Israel to Offer Easier Terms for Ending Gas Cartel

New proposals to be offered to Tamar and Leviathan partners this week are strongly opposed by antitrust chief

Off Haifa coast, oil rig at enormous Leviathan natural gas field.
Albatross

Israeli government negotiators are set to meet with representatives of Delek Group and Noble Energy this week, offering a new and much less onerous plan for putting an end to the natural gas cartel the two companies control.

The two companies, which control the Tamar and Leviathan offshore gas fields, had rejected a previous plan offered by the state in February.

Under the new proposal, Delek – the Israeli holding company controlled by property tycoon Yitzhak Tshuva – would still have to sell all gas holdings except its 45% stake in Leviathan, which is still under development but promises to be Israel’s largest discovery by far. The conditions and timing for divesting its other holdings, principally Tamar – currently Israel’s largest field – would be substantially eased.

TheMarker has learned that the ministries involved in developing a framework – mainly the finance and energy ministries, as well as the Prime Minister’s Office – would require Delek to divest Tamar after six years, which would mean that the cartel would continue to function until 2021 or 2022.

Noble, the Texas-based energy company that acts as operating partner for the two fields, would be subject to few restrictions on Israeli energy business. It would be permitted to maintain its stake in Tamar and Leviathan, and sell gas simultaneously to the Israeli market from both.

However, Noble would have to reduce its Tamar stake to 25% from 36%, and sell its entire share in the much smaller Karish and Tanin fields. Delek would also have to sell its Karish and Tanin holdings.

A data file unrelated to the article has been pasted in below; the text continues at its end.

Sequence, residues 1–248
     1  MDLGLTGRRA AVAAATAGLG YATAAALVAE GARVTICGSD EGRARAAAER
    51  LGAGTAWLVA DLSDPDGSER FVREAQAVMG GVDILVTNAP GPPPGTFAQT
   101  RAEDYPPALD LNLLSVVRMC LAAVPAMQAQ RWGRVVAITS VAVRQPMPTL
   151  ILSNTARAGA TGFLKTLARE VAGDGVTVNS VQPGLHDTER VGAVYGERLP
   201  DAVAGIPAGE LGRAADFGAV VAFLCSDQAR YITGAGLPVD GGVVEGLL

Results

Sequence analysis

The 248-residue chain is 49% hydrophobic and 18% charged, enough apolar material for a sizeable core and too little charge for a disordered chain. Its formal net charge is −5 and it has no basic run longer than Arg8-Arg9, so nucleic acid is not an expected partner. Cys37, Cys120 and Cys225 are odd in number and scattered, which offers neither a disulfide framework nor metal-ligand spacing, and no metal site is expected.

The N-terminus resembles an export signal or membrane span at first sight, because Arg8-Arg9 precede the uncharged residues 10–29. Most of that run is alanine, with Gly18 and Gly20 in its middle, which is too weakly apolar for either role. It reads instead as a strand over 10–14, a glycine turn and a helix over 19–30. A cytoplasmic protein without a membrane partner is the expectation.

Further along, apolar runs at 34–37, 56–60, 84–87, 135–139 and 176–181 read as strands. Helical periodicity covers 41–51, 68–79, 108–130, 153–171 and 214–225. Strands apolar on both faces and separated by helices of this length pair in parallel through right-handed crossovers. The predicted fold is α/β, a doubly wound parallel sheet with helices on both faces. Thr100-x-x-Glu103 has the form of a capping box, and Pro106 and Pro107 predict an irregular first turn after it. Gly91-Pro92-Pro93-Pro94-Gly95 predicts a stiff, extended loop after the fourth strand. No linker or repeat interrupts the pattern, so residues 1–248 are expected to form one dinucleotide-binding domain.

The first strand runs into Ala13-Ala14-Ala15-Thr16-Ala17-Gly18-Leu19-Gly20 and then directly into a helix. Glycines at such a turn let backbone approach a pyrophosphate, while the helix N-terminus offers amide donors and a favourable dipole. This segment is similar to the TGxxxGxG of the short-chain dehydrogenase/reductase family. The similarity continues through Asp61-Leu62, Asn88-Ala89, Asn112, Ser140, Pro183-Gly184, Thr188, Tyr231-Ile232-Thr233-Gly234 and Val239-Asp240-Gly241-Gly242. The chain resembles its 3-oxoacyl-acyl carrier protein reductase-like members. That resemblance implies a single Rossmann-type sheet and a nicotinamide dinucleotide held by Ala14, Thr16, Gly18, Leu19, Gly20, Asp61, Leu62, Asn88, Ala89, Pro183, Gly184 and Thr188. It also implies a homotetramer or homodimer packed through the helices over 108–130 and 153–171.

Officials are not all in agreement on the new proposal.

Ministry officials say they prefer the new proposal, noting it is more likely to win the consent of Delek and Noble, and ensure a smooth process for ending the cartel without delaying development of the field.

However, Antitrust Commissioner David Gilo – who started the decartelization process last December, when he voided an earlier agreement allowing the two companies to retain most of their holdings – is strongly opposed to the new proposal. Sources said he is refusing to sign off on it, or to participate in meeting with the two companies.

Even inside the Antitrust Authority, though, officials are not siding with Gilo. Last week, two top advisers – the authority’s chief economist, Assaf Eilat, and chief legal adviser, Ori Schwartz – expressed reservations about Gilo’s stance. A spokesman for the authority declined to comment.

Gilo could now turn unilaterally to the antitrust court and ask it to declare the Leviathan partnership a monopoly, and seek to break it up on the basis of his original plan. But sources said that, for now, Gilo has no plans to act. Instead, he will wait until the next government is sworn in and appeal directly to the new finance and energy ministers.

But officials in the finance and energy ministries, and in the PMO, also plan to appeal directly to the relevant ministers too, sources said.

Right now, Delek and Noble control 70% of Israel’s gas reserves (or 712 billion cubic meters). Under the proposal offered by Gilo in February, Delek and Noble would each have a 27.5% stake (or 280 bcm each) of all Israeli gas, with new companies controlling 14.5%.

The revised government proposal would leave Delek and Noble with 60% of all gas reserves and the new companies getting 9.5%.

Yesterday, meanwhile, Israel Electric Corporation signed a deal to purchase more natural gas from the Tamar field through 2028, the partners in Tamar reported. IEC will purchase up to 87 bcm of gas from the offshore gas field – in line with the previously signed 15-year deal to buy between 42.5 and 82.5 bcm starting in 2013 (when Tamar started production) and an option to raise it to as much as 99 bcm.

With the much larger Leviathan site and a number of smaller wells slated to come on line in the coming years, IEC opted to only partly exercise its option. The additional gas under the option is worth an estimated $6 billion, for a total deal around $23 billion.

Reuters contributed to this report.